At a Halloween shindig back on the night of October 29th, I committed the party foul of spending way too much of the night in front of a TV. A few of the other guests were doing the same, though. It was an understandable transgression. The Indians were in the process of going up 3-1 in the World Series over the Cubs. Jason Kipnis launched a three-run homer into the Wrigley Field stands and we pumped our fists and exalted.
That feeling, coasting to a win in Game 4, might have been the height of the elation. It might have been too much. A couple of the other guests watching shared the sentiment that they kind of didn't want the Indians to win Game 5 just so that they could come home and clinch the championship here in Cleveland. No, no, no, no, I thought. There's no room for hubris. The job wasn't done. Don't say those things.
Two losses later and Game 7 loomed, a reminder that nothing's ever guaranteed. I didn't go to any big watch parties for this one. I didn't drive downtown just to soak in the ambiance of a possible Indians championship like I thought I might. No, life had reared its head up just ahead of the climax, as it is often to do. One of my best friends had some sudden and drastic personal unrest. Another reminder that the arcs in our life are never full of only one emotion.
That friend joined my father and me for a low key viewing of Game 7. The game itself did not disappoint, if the aim was pure excitement. My mind went through the roller coaster of acceptance (when the Cubs got to a healthy lead early) to hopeful ecstasy (thanks to Rajai Davis) and then finally, the numbness of barely losing, with an added dose of uneasy suspense thanks to a late rain delay. My buddy left and I wasn't certain whether the back-and-forth game had added weight onto his mind or had offered him a needed escape for a few hours.
It was a weird mentality for me as I tried to go to sleep that night. We had just lost in extra innings, but I don't remember it being the same feeling as I had in 1997. That year's loss was debilitating. This year, I didn't have any disappointment or anger. There wasn't any spite or malice. Just that sort of malaise that the mind enters when nothing actually bad happens, but the best possible thing slips through the fingers, too.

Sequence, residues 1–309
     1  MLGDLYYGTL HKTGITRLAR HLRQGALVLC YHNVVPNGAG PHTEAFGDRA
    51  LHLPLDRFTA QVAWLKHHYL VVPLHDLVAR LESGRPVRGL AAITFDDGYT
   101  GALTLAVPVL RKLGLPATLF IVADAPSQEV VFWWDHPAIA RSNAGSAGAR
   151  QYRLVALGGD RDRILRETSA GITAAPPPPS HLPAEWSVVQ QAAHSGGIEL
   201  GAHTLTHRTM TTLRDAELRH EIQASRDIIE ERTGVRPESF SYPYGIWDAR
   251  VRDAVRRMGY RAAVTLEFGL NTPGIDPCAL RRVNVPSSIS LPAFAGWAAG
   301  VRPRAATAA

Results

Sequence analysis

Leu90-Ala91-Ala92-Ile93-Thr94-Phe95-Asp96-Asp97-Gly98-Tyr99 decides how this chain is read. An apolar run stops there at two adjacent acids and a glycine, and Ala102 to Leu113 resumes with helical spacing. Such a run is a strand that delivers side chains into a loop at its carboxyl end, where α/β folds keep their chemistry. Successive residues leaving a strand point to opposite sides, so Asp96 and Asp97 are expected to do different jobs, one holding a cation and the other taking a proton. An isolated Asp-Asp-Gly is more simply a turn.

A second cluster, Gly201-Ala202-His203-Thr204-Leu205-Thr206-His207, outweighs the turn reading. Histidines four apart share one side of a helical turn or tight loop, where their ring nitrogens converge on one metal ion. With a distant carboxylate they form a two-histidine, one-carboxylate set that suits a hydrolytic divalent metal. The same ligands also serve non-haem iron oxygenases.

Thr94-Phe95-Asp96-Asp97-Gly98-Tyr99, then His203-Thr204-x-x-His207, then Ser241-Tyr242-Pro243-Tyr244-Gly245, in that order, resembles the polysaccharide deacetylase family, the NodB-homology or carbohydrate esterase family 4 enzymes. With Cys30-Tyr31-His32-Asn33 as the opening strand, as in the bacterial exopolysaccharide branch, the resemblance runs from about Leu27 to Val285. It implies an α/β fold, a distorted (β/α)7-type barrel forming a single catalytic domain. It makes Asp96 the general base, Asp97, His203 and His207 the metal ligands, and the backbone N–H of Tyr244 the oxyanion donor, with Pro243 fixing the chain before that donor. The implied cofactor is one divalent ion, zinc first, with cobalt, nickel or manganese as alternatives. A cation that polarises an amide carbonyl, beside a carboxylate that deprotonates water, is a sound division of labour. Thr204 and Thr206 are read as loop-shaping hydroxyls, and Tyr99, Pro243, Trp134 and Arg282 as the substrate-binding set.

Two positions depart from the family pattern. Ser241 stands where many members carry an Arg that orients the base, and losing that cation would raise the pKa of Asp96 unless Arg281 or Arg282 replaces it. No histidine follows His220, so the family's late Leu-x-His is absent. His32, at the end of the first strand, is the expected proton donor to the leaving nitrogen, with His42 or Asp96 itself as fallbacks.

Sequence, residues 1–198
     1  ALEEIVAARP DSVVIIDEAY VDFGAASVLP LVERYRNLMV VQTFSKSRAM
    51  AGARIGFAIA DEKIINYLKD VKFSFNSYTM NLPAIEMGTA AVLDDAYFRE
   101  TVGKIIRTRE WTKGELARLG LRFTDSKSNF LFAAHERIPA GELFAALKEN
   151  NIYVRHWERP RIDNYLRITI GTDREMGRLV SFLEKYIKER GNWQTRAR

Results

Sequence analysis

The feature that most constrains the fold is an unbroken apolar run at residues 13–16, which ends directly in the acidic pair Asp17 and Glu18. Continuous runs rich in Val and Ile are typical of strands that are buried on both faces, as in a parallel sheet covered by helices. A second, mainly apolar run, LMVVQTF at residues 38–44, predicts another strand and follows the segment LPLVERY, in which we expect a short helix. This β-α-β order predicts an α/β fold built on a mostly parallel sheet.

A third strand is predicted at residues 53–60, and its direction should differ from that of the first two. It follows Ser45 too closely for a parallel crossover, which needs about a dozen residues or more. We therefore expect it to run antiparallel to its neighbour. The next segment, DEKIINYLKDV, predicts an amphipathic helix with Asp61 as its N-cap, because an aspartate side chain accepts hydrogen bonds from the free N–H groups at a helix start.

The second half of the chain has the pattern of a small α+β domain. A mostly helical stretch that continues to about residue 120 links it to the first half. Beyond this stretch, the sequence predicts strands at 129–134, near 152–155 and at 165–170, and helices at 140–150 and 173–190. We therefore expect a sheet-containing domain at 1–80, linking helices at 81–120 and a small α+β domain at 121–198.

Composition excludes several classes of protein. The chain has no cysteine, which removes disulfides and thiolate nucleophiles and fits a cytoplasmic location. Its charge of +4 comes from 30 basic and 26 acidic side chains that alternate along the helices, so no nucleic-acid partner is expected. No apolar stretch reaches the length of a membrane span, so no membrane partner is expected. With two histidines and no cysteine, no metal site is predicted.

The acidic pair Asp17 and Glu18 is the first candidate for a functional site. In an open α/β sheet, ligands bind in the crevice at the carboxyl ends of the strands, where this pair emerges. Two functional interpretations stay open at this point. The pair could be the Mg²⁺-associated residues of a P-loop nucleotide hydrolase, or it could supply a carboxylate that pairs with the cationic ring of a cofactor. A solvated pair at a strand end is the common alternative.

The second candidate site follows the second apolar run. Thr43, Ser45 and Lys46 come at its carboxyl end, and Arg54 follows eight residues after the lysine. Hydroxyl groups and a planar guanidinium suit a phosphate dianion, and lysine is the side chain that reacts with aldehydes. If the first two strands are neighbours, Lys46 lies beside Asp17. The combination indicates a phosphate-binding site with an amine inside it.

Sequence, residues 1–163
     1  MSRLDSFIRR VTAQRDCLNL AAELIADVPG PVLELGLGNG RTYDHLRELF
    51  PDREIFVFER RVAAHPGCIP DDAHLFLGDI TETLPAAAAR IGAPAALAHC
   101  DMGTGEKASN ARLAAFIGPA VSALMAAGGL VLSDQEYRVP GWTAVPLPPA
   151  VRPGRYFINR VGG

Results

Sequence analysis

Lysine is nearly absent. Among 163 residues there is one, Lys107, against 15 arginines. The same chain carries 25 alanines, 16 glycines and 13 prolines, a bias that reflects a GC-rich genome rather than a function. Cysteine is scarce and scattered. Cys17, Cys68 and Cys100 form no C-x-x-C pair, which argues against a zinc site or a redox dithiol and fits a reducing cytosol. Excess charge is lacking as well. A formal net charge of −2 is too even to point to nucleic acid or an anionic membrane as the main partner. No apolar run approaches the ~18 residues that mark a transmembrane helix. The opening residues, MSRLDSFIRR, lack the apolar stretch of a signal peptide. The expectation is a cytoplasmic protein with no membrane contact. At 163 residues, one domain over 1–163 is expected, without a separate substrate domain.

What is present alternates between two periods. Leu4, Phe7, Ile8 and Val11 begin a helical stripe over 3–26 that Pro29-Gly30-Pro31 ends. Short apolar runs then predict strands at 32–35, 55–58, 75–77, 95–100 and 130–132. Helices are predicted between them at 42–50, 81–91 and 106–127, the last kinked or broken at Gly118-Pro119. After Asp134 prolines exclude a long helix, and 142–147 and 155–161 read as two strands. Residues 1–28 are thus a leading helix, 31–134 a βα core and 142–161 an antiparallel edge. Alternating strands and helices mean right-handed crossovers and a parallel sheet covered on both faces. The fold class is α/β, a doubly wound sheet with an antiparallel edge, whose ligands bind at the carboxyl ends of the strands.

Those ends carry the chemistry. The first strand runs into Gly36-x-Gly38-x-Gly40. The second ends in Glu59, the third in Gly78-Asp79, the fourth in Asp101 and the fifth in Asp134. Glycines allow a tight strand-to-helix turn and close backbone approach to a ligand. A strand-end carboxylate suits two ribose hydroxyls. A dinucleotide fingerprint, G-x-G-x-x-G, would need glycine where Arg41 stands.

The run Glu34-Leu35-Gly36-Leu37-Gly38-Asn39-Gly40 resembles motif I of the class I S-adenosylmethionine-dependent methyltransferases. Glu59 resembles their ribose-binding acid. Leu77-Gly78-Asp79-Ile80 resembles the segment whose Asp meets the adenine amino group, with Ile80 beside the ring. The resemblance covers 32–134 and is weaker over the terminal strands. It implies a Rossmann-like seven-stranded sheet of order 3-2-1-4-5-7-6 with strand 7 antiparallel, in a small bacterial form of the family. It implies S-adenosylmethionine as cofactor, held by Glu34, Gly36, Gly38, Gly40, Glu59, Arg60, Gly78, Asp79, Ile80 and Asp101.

Time heals. In a few days, the numbness was gone. I maintain that, even though they came up short in the World Series, the Indians still had one of the best seasons I've ever seen as a fan. They took huge strides forward, looked like they genuinely had fun with each other, and represented the city well. This last season was a reminder that when your favorite team looks like they want to be there, you want to be there, too. I've tried to be my best self, as well. Tried to be a friend that my friends could depend on in hard times. Perspective, I think they call it. It's important to keep that, as a sports fan.
2016 has been a tense year on a lot of fronts. A lot of dying legends, a lot of political fighting, a lot of personal strife. Even in a year where the Browns are moping along on the bottom of the barrel, Cleveland sports have had a great showing.
The Indians don't look to be losing that fun edge. Terry Francona will be back at the helm come 2017, and the dynamic doesn't look like it'll take a hit, even if guys like Mike Napoli and Rajai Davis can't be re-signed. The pitching returns in force, fielders like Francisco Lindor and Jose Ramirez will be working to improve already promising young careers, and hey, Michael Brantley might be ready to play.
For a lot of reasons, I'm ready for the calendar to turn to 2017. In sports, as in life, no feeling lasts forever. That's why I try never to take these things for granted. The Indians are great right now. I want that to last. It may, or it may not.